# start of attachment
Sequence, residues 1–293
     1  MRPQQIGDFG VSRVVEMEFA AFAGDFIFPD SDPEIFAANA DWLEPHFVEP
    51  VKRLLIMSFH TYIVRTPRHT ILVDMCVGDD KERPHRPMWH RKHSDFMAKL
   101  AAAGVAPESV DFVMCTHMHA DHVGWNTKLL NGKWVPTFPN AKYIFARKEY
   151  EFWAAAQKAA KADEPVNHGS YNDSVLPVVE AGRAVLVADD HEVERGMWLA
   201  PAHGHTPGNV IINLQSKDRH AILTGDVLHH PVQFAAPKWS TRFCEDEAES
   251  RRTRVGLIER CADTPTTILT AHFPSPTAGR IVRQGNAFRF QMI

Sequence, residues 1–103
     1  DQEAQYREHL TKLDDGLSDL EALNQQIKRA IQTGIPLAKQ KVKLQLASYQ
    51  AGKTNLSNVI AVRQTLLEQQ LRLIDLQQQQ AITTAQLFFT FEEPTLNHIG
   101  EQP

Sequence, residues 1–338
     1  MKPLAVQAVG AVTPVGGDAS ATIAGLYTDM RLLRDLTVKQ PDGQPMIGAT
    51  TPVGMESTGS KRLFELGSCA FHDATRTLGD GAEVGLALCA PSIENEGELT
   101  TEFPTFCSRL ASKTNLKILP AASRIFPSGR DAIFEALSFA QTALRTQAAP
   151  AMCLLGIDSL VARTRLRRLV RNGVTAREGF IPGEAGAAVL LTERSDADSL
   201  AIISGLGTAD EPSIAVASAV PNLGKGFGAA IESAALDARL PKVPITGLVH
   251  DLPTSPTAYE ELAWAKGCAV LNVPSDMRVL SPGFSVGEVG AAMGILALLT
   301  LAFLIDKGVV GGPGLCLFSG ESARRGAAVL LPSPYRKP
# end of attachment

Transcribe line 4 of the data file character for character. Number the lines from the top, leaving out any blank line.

   101  AAAGVAPESV DFVMCTHMHA DHVGWNTKLL NGKWVPTFPN AKYIFARKEY